The seemingly always-relevant allure of retro-tech and nostalgic music and shows leads many to wonder what it’s all about, especially with the popularity of VHS and camcorder apps, prompting the need for a better understanding of what analog is and what digital is.
Houses that still employ or need things such as weather radios or outdoor TV antennas and antenna amplifiers are a good example of analog and digital going hand in hand, and those people might be able to understand some of what we’re about to explain more intuitively; there are differences in an analog signal VS digital signal, analog VS digital TV, as well as points of distinction, to be made in digital VS analog audio.
Analog Signal VS Digital Signal
Digital signals are a game of ones and zeros. One represents an “on” state and zero an “off” state or the presence and absence of data, and a combination of these 1s and 0s is used to put together meaningful data, which we call information.
They are signals that carry this information across devices, being sent from one end and received at another (single or multiple, such as many devices receiving the Internet from a Wi-Fi router in your home or office).
An analog signal is considered “continuous”, represented by sine waves whereas digital signals, represented by square waves, are discrete by nature. These square waves, however, are more a way of representation, as digital signals are considered to be binary in essence and form (the aforementioned ones and zeros).
Due to its discrete nature, a digital signal is much less prone to distortion or manipulation from an outside source.
There is no discussion of amplitude, phase, or frequency, and things are handled in terms of bit rates and bit intervals. This is because a digital wave is a “sampling” of the analog wave, which is also what makes digital data so much more efficient, enabling compression through grouping together of certain patterns in the numbers.
Analog VS Digital Delay
If analog and digital are the difference between the signals and how they transmit data, what are analog and digital delay pedals and how do they connect to what we’ve just learned?
For some, this might be the question that led them here, and for the uninitiated, both an analog delay pedal and digital delay pedals are the two basic types of pedals that can be used on guitars by musicians. Guitar pedals are used to create effects such as distortion or overdrive, create specific sound textures, or just to make the tone of your guitar better.
These names are not arbitrary: analog delay pedals utilize the analog signal in a mechanical way using capacitors and are slightly limited in their function, owing to their usage of bucket-brigade device chips that repeat the analog delays making the sonic signature very particular and specific. While a lot of guitarists prefer this “classic” sound and know their way around it, the shorter maximum delay times are a real problem, leading to the use of digital delay pedals.
Digital delay pedals forgo the BBD chips for DSP chips, which use digital signal processing, offering flexibility and much greater control over your machine in the form of presets and precise delay time control, and even the ability to emulate analog delay – though, again, many guitarists swear by the specific musical quality of analog delays.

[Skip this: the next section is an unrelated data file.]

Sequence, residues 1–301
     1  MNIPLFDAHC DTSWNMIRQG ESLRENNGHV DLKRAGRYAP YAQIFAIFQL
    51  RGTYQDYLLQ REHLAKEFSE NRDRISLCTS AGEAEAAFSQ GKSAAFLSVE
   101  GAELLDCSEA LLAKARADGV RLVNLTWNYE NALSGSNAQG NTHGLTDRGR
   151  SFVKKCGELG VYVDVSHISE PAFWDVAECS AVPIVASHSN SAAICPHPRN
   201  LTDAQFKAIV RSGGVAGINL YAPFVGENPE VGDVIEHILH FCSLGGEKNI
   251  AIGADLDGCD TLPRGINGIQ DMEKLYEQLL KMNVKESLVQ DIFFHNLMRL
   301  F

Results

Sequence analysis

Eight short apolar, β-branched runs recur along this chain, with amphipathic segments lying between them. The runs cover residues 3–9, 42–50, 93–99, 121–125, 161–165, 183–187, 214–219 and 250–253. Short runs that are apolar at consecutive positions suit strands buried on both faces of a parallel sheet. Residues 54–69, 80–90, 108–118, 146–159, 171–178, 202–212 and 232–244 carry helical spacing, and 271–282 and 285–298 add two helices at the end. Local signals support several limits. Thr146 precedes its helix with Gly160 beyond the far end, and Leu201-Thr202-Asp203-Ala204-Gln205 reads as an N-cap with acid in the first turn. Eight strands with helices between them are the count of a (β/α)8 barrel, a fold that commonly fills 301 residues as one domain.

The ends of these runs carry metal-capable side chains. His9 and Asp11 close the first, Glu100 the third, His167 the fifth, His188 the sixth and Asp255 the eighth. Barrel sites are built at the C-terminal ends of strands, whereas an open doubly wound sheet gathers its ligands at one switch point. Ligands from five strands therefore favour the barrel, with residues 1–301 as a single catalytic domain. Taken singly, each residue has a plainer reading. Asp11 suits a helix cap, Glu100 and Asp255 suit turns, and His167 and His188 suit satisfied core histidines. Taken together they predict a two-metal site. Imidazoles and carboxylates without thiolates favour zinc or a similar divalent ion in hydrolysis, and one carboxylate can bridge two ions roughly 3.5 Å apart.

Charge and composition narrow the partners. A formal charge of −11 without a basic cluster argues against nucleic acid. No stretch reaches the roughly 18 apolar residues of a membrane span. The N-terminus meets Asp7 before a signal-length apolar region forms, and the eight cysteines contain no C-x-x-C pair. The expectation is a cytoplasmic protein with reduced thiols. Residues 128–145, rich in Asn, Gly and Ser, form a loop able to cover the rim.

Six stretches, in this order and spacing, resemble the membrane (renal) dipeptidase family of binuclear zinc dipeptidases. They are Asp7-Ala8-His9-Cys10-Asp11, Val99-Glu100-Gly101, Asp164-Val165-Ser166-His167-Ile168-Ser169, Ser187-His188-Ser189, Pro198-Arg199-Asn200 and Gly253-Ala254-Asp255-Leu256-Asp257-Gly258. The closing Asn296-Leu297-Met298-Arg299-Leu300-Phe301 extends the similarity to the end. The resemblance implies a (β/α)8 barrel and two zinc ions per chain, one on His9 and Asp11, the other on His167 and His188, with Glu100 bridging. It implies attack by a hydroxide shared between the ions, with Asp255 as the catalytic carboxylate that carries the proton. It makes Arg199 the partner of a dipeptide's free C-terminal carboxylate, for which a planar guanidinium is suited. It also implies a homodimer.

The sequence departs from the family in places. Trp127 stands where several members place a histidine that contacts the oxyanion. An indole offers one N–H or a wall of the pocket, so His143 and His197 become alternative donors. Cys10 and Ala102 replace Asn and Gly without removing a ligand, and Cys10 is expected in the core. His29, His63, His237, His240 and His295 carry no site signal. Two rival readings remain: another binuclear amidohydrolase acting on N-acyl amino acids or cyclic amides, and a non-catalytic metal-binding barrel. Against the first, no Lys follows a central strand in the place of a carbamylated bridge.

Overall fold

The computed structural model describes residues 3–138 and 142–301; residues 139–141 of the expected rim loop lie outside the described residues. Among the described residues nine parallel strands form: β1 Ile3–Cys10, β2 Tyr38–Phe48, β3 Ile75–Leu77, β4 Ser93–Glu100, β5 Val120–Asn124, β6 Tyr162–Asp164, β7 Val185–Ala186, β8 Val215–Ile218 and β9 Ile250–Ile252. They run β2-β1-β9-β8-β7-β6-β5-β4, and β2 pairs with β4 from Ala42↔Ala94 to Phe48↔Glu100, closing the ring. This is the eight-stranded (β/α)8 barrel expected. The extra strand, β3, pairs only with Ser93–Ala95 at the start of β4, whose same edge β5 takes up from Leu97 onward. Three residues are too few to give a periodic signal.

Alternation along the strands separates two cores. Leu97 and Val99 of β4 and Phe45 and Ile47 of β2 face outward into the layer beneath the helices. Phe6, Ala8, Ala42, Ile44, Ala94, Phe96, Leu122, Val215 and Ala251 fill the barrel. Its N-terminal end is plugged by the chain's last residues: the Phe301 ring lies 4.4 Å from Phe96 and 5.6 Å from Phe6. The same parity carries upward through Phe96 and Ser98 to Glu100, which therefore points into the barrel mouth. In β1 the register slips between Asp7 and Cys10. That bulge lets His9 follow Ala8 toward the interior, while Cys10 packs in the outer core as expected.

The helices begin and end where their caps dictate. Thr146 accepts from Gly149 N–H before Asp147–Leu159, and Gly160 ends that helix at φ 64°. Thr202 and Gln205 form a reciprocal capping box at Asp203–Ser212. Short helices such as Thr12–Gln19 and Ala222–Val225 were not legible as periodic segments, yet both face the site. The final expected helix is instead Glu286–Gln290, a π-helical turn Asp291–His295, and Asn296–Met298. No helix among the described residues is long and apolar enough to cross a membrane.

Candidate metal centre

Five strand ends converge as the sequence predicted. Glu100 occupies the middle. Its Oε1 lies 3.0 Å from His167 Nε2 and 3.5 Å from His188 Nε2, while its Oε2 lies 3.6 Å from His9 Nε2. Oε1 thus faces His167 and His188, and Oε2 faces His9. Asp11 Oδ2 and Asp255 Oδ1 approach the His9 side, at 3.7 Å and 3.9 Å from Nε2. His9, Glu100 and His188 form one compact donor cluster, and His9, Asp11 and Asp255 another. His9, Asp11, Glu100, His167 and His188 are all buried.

Digital VS Analog Audio
The most noticeable difference in the analog VS digital debate is in digital VS analog audio, usually manifesting as a vinyl VS CD/MP3/streaming debate.
Of course, the analog wave captured by a vinyl most closely replicates the analog signals of a real human voice, the actual sound of a band, and even the actual waves captured on the reels and tapes by the greatest artists in history, even as recently as the Foo Fighter’s hit album Wasting Light which was recorded all on analog. But apart from a technical and theoretical discussion, is the difference noticeable?
While audiophiles might disagree, there is a growing amount of research which shows that many people cannot parse out a noticeable drop or increase in quality on different audio formats, especially considering that most turntables and record players produced these days are also of lower quality than they used to be, as are the speakers and headphones – ultimately, digital mediums.
At the same time, however, the fact of the matter is what it is; digital music is replication, and sound is analog. Many factors such as the signal-to-noise ratio and how “warm” the sound is, leave many still preferring analog formats – hence, the great vinyl resurgence of recent years.
Conclusion: What’s Better?
While audiophiles might spend thousands of dollars on limited edition picture disk vinyl albums and guitarists might appreciate the feel of an analog delay pedal, it’s said the world’s most accurate atomic clocks are digital ones, and our very access to more information and entertainment than we can possibly access in ten lifetimes is all due to the digitalization of the world.
You don’t need the best DVD player hooked up to the latest 4k TV to make a decision for choosing a side in an analog VS digital TV debate. Nobody would want to watch something on a television from 20 years ago, and even if you prefer older films, it’s likely that watch you’re watching now is a restoration, a digitally remastered version that has made sure that great art is preserved for all times.
Still, there’s a lot to be said for the feel, look, and sheer practicality of all things analog: analog watches are more technically accurate than quartz, the most expensive watches in the world are all analog (tying in to the look and aesthetic aspect), and, of course, analog is way more durable, with many vintage and classic items still preserved in museums and by collectors and enthusiasts all over the world.
The question is of quantity and quality, durability and endurability, but ultimately, even in an ever-increasingly digital world, analog still has a special place.